SEC and CFTC Propose Amendments to Form PF

September 07, 2022

On August 10, the Securities and Exchange Commission (“SEC”) voted 3-2 to propose amendments to Form PF that the SEC believes would enhance the Financial Stability Oversight Council’s (“FSOC”) ability to assess risk while also bolstering the SEC’s oversight of private fund advisers. These proposed amendments were concurrently proposed by the Commodity Futures Trading Commission (“CFTC”).

If adopted, the proposed new rules would, among other items:

  • Require new expanded reporting requirements for large hedge funds advisers and advisers to private equity funds;
  • Change the reporting requirements for large private equity fund advisers;
  • Decrease the reporting threshold for large private equity advisers; and
  • Require advisers to report a fund’s net asset value denoted to digital assets.

These proposed amendments are designed to increase the disclosures reported to provide a better picture of the private funds industry in order for the FSOC to assess risk and administer its regulatory tools. The SEC believes that since the Form PF was adopted, the private fund industry has grown, and a variety of investments strategies have increased in usage, and therefore the Form PF needs to be amended to capture this new and relevant data. A brief overview of the proposed amendments is set forth below.


Proposed Amendments to the General Instructions

The proposed amendments to the general instructions include requiring advisers to separately report each component fund that is a part of a master-feeder, except where the feeder invests all of its assets into a single master fund. The proposed amendments also include requiring advisers to separately report each component fund that is a part of a parallel fund structure while also reporting private funds that invest in other funds.

Currently, the Form PF allows advisers flexibility when reporting a master-feeder structure as long as the reporting methodology used is consistent throughout the Form PF. However, the SEC believes this approach has not provided a clear risk assessment when reviewing or comparing complex structures. Thus, it is proposed that advisers be required to report each component of a master-feeder and parallel fund structure.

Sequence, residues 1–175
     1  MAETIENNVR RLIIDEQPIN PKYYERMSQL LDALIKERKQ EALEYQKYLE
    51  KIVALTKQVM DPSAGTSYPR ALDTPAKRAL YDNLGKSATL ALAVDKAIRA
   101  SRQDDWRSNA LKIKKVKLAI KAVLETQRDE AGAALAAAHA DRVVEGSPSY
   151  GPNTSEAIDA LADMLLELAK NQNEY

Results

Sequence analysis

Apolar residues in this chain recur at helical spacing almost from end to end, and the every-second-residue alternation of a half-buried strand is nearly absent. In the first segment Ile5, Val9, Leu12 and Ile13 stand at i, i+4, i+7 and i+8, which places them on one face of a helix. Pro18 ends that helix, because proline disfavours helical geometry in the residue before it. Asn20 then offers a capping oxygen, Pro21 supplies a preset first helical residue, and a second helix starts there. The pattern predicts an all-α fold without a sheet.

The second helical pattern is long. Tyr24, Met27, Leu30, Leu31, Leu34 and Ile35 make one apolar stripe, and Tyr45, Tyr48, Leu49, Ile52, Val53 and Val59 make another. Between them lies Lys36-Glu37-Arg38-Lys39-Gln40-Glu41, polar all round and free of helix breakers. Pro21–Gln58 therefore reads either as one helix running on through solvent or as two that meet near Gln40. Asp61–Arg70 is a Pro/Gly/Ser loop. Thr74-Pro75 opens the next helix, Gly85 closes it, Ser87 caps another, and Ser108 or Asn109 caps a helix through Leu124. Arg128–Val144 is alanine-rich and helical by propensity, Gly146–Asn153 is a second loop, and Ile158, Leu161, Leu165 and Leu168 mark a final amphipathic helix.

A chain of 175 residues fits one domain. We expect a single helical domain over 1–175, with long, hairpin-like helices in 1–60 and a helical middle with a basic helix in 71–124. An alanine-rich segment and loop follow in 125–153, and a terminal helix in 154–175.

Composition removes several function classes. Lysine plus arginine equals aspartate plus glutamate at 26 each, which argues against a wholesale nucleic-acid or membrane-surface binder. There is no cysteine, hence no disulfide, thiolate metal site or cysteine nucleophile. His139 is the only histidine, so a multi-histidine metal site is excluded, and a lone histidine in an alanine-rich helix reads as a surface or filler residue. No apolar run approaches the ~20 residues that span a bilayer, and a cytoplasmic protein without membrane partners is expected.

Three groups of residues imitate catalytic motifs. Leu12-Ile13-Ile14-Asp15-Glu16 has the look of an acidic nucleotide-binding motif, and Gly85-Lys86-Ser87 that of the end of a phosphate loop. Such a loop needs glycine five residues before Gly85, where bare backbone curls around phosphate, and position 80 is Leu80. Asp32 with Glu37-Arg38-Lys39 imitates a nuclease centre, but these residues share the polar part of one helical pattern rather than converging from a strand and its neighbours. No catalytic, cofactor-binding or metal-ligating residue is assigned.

Additionally, the proposed amendments include a change to Instruction 7. This change would require an adviser to include the value of a reporting fund’s investments in other private funds when answering questions throughout the Form PF. This proposed change would apply to each applicable question unless directed otherwise by the instructions.

Proposed Amendments to Enhance Reporting by Large Hedge Fund Advisers on Qualifying Hedge Funds.

The changes here are focused on reported information by large hedge fund advisers found in Section 2 of the Form PF. This section of the Form PF focuses on collecting aggregate hedge fund information in Section 2a and additional information on hedge funds with a net asset value (“NAV”) of at least $500 million in Section 2b. Changes would include removing the aggregate reporting in Section 2a and expand reporting in Section 2b by requiring more detailed data on these large reported hedge funds.

The SEC believes that aggregated adviser level information combines funds with different strategies, which ends up providing the FSOC with less meaningful data. Furthermore, the SEC claims that data aggregation is burdensome on advisers and masks risks while also being inconsistent with per fund reporting in Section 2b. The SEC is seeking comments on whether Section 2a should be eliminated in its entirety, or whether some subset of Section 2a questions should remain.

The proposed changes in Section 2b are more thorough as they are proposing to:

  1. Enhance and expand investment exposure reporting;
  2. Revise reporting for open and large positions;
  3. Revise reporting for borrowing and counterparty exposure;
  4. Revise reporting for market factor effects; and